Notes: Summation of percentages may not equal 100 due to rounding. Summation of frequencies may not equal 2600 due to missing responses.

While many statistics are similar to the demographic profile of the nation, the sample is not representative of the general public as it is an opt-in survey where individuals must volunteer to participate in the survey in return for various forms of compensation. Yet, because the purpose of the study is to analyze respondent behavior and is not intended to illustrate the attitudes of the nation as a whole, there is no need for a perfectly representative sample or sample balancing.

### Survey Format Summary

Respondents were randomly assigned to one of four treatments, each containing different survey questions. All questions were posed as statements where the individual indicated their level of agreement from strongly disagree to strongly agree on a 7-point Likert scale. Respondents were always asked the non-food questions set of statement before the food related questions. Within a group of IA or CA questions the order of the statements is randomized.

Figures 2 and 3 present the nature of the experimental design as well as the questions asked. With food questions, respondents always answered three IA and three CA questions, but depending on the treatment they either answered zero or three buffer statements. Of the non-food questions, some are shown two or six IA statements first, followed by two or six CA statements, and some are given the reverse order. In the treatment with non-food questions, respondents had either zero, two, or six buffer questions (explained subsequently). If buffer questions were provided in either non-food or food statements, they were provided between the IA and CA questions. The IA questions are inspired from the statements used in the Marlowe–Crowne self-reported social desirability scale (Crowne and Marlowe, Reference Crowne and Marlowe1960) in that they describe behaviors most people wish to but fail to always emulate. With the CA food statements, half of respondents in the entire sample saw extended versions these statements to include consequences for these specific issues.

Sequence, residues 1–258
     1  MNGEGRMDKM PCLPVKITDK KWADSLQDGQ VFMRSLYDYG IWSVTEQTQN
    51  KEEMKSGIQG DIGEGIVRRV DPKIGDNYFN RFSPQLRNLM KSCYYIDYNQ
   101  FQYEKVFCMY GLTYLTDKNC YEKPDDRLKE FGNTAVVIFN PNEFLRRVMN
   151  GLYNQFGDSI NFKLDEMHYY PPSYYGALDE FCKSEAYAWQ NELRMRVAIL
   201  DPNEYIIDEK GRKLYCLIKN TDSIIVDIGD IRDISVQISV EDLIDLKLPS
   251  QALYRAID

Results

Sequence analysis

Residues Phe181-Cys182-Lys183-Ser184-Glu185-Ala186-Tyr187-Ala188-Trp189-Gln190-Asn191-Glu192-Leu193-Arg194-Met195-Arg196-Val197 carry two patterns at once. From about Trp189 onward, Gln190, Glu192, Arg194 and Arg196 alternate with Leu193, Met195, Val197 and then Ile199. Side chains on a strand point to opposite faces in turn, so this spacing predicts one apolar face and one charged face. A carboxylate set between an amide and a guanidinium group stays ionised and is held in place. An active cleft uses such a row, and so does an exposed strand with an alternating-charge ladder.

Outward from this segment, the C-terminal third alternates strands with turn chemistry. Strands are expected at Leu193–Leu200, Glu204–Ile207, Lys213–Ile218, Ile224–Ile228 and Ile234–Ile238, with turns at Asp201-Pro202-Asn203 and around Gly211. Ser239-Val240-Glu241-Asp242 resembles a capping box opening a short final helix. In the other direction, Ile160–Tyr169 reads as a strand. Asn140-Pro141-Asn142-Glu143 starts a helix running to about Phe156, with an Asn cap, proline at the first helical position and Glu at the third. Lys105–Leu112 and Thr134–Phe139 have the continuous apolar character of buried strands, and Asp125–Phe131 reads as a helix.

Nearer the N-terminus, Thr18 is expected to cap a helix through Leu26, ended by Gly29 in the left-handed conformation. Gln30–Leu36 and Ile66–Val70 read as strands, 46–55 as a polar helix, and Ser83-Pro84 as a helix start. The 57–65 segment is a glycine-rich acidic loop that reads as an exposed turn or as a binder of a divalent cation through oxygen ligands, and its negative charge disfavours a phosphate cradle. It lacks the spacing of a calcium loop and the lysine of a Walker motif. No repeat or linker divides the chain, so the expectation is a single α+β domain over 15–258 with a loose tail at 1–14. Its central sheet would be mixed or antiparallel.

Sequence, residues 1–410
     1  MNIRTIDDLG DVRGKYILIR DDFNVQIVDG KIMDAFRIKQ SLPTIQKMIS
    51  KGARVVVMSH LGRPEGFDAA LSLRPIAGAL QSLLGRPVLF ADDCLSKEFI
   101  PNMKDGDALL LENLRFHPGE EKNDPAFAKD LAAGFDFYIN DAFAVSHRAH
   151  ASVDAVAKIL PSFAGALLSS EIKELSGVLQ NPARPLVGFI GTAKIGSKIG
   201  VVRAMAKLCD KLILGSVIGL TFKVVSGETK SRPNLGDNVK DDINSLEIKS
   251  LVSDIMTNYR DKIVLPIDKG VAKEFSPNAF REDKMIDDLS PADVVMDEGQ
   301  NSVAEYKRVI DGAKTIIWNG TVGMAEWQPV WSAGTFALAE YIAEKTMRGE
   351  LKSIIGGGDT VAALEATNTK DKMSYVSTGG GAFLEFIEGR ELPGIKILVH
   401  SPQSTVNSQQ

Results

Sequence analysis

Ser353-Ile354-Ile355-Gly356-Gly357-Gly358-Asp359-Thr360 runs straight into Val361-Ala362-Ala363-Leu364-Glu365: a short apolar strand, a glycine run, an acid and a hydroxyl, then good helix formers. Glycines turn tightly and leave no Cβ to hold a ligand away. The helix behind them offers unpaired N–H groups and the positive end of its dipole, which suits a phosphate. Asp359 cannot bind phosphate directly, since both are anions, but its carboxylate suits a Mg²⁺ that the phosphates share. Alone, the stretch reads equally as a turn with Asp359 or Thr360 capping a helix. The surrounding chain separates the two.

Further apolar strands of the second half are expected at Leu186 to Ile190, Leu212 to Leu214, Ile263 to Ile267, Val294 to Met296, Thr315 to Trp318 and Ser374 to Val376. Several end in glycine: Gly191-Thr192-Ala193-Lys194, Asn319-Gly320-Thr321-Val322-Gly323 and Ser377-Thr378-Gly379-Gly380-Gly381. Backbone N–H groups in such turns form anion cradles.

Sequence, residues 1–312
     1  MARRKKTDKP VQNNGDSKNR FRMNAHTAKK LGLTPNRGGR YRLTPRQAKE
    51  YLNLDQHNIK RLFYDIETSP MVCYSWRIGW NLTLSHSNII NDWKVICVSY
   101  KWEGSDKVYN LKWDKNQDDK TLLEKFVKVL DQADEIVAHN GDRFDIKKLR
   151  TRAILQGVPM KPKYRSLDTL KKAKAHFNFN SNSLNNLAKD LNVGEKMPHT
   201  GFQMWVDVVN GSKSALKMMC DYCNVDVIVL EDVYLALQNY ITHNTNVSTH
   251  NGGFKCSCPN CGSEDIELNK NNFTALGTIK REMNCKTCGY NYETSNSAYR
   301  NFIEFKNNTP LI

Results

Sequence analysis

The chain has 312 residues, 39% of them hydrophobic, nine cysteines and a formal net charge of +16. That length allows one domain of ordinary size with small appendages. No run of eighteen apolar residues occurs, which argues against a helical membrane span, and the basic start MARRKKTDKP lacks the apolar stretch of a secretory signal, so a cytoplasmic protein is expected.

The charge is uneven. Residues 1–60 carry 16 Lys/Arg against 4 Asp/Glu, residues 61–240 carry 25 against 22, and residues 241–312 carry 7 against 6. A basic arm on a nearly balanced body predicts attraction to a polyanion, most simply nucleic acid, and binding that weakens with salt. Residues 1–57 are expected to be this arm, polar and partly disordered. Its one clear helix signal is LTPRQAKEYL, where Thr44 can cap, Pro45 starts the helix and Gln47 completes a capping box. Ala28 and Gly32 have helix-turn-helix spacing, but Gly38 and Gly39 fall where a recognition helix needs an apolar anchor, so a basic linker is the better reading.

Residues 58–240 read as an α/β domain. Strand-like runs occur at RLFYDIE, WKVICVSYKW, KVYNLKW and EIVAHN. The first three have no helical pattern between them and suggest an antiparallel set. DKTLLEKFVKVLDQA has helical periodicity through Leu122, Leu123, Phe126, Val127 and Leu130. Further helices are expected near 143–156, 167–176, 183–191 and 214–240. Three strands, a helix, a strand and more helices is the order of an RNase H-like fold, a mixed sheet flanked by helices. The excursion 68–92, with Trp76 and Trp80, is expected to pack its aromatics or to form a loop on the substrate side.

### Non-Food Issues

The non-food IA questions deal with general behaviors that contemporary American society approves of. One IA non-food question asks respondents whether they agree that ‘citizens have a moral obligation to vote’. This statement is used under the assumption that most respondents will aspire to be a regular voting citizen. A statement like this was thought to generate the highest degree of support even among those who rarely vote. This question is also used because it has a clear common-self counterpart that asks whether the respondent agrees that ‘I always vote’ (see non-food CA questions in Figure 3). This concerns an actual behavior in a real-life setting where there is a cost to identity expression. It is presumed that many Americans will agree that citizens have a moral obligation to vote but that, if they were being honest, would have to admit they do not always vote (about 40% of eligible voters did not vote in the 2016 presidential election). It is hypothesized that the more IA questions a respondent answers before seeing the statement ‘I always vote’, the more likely they are to agree that they always vote because not doing so would signal two conflicting identities. Confirmation of this hypothesis is interpreted to be confirmation of identity inertia. The remainder of the IA and CA questions in the non-food category have similar features. The IA question concerns something the respondent aspires to be (*e.g.*, honest) but rarely achieves in full (*e.g.*, complete honesty).

For some respondents, a set of “buffer” questions are asked between the IA and CA questions. These contain statements like “I prefer to watch reality shows on television over crime shows” that are relatively neutral in the identity they activate. While even the most mundane question requires some selection of identities, what makes the buffer questions unique is that they do not obviously appeal to the person’s ideal self. The greater the number of buffer questions between a set of IA and CA (or CA and IA) questions, the less impact identity inertia is hypothesized to have on the results.